Washers are thin, round pieces of metal with a hole for […]
Washers are thin, round pieces of metal with a hole formed in the center. Commonly placed on the end of a bolt to separate a nut from the surface from which the bolt is extending, washers provide a surface that the nut can tighten against. Lock washers can also be placed next to the head of a bolt to secure it in place when tightened. You can use lock washers to lock the nut in place as it is tightened down on the bolt too. Installing a lock washer can help prevent the nut from working loose during use.
Threaded connections between two or more objects typically involve the use of a screw, or bolt and a nut. Lock washers are used for threaded connections using a screw and nut combination. The screw has a large head on one end and a shaft with an external thread, which is a helical structure that allows the screw to be advanced when rotated. The nut, which is usually hexagonal in shape, has a hole with an internal thread that matches the thread of the screw.
When a screw is inserted and rotated into a nut, the screw advances. A significant force can be generated when the screw and nut are tightened against two or more objects located between the screw head and nut surfaces. Users put the lock washer between the nut and its surface becomes secured or joined. It resists the force being applied by the nut and prevents the nut from loosening.
A split lock washer has a donut shape — a circle with a hole in the center — and has a single cut which extends from the outside diameter to the inside hole. The cut is the reason this type of washer is called a split lock washer. The two sections adjacent to the cut are misaligned in the direction perpendicular to the washer surface. This misalignment allows the lock washer to resist force by creating friction through resulting spring action that prevents the nut from loosening.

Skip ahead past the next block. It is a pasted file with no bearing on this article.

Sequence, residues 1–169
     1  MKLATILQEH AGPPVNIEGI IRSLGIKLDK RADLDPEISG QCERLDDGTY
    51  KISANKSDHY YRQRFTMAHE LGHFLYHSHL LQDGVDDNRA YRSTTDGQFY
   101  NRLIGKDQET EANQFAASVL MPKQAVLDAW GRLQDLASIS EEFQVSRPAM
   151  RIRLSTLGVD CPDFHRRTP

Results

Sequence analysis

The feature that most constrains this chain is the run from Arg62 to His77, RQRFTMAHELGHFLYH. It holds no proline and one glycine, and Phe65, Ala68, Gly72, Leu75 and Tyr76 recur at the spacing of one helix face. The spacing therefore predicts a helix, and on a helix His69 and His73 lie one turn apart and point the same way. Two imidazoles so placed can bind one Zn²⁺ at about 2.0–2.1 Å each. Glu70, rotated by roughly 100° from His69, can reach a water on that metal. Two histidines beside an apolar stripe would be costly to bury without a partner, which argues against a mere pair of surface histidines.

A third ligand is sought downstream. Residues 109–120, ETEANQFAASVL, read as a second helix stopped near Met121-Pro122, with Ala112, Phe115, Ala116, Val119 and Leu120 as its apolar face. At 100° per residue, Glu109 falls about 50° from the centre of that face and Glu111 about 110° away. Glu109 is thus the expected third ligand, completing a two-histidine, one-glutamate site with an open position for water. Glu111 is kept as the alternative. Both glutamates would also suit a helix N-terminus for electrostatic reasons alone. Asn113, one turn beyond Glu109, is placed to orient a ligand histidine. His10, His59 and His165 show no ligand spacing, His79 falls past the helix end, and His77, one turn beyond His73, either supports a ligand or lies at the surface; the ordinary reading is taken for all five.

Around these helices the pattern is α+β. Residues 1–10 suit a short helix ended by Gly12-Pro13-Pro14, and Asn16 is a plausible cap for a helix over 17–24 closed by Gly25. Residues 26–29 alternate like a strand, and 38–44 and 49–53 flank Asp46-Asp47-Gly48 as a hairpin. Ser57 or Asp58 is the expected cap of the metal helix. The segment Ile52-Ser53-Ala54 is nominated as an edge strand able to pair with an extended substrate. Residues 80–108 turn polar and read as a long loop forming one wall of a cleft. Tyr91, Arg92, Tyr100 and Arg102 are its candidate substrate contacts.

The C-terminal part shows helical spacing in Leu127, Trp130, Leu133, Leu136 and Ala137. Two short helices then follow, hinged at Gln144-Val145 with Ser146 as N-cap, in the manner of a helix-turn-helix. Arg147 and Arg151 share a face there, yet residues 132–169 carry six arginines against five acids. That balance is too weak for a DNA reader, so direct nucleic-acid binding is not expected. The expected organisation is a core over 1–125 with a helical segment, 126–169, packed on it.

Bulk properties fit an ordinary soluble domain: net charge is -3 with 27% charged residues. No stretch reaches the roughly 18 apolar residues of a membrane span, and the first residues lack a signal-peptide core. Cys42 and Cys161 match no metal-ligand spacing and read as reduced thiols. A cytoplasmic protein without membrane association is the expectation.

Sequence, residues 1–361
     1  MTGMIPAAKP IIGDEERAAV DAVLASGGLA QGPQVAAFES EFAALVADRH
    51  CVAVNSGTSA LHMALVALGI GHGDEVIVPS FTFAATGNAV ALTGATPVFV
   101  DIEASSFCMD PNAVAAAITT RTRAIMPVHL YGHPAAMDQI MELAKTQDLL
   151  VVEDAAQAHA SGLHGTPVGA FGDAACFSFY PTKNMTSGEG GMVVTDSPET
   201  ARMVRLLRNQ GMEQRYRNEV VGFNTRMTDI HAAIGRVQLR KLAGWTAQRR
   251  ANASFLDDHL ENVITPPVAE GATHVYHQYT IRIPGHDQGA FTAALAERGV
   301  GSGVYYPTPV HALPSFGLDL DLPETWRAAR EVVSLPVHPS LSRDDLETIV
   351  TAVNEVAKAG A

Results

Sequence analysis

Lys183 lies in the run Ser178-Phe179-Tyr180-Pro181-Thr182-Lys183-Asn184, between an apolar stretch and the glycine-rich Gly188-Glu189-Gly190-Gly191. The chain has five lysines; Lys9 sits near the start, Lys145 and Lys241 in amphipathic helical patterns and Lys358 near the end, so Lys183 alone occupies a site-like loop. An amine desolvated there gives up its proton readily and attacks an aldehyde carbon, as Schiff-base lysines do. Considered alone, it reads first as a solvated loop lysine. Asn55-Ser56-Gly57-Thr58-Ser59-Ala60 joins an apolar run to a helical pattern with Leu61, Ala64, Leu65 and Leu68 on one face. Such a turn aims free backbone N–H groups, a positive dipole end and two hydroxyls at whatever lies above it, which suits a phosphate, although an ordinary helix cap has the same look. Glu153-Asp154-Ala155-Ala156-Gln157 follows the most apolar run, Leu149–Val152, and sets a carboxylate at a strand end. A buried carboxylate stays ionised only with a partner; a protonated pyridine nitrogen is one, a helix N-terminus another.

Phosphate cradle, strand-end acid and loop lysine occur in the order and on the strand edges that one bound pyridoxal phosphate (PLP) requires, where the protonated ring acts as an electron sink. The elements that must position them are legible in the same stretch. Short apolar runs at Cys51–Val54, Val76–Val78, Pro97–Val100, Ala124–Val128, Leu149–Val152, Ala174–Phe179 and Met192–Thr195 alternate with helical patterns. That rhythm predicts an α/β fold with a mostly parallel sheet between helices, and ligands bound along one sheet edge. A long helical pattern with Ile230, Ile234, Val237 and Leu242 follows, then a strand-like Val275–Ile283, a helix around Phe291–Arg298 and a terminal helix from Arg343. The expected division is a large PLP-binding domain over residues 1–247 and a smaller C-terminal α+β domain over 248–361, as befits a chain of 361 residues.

In addition to resisting force through friction, the shape of certain types of lock washers can cause them to bite into the mating surface and create a mechanical grabbing force. Star lock washers have internal and external teeth, and each adjacent tooth is bent in alternating directions perpendicular to the washer surface. The teeth bent to one side embed themselves into the nut, while the teeth bent in the opposite direction embed themselves into the work surface being fastened. Same as tab lock washers, they have bent tabs at the edges that mate with the surface of the nut, and lock the nut in place.
Removing the lock washer could be as simple as giving it a tug, or you may need to work it a bit and get some help from a lubricant if the teeth have dug in.
Remove the nut from the bolt using a socket or adjustable wrench.
Pull the lock washer off, using the flat head screwdriver gently wedged in beside the washer to get it started if you need to.
Use the screwdriver to work around the circumference of the lock washer to loosen it if the lock washer is still stuck. Work it off the bolt gently.
You should put lubricant into the joint and wait for a moment. Then try again to loosen the lock washer with the screwdriver and pull it off.
Work the screwdriver under the teeth of the lock washer if it has teeth and is still stuck. The teeth can bite into the bolt, jamming the washer. You should be careful that don’t destroy the threads on the bolt. If it is still stuck, try spraying more lubricant under the teeth of the lock washer and trying again. click http://www.din975.net/ to see more information.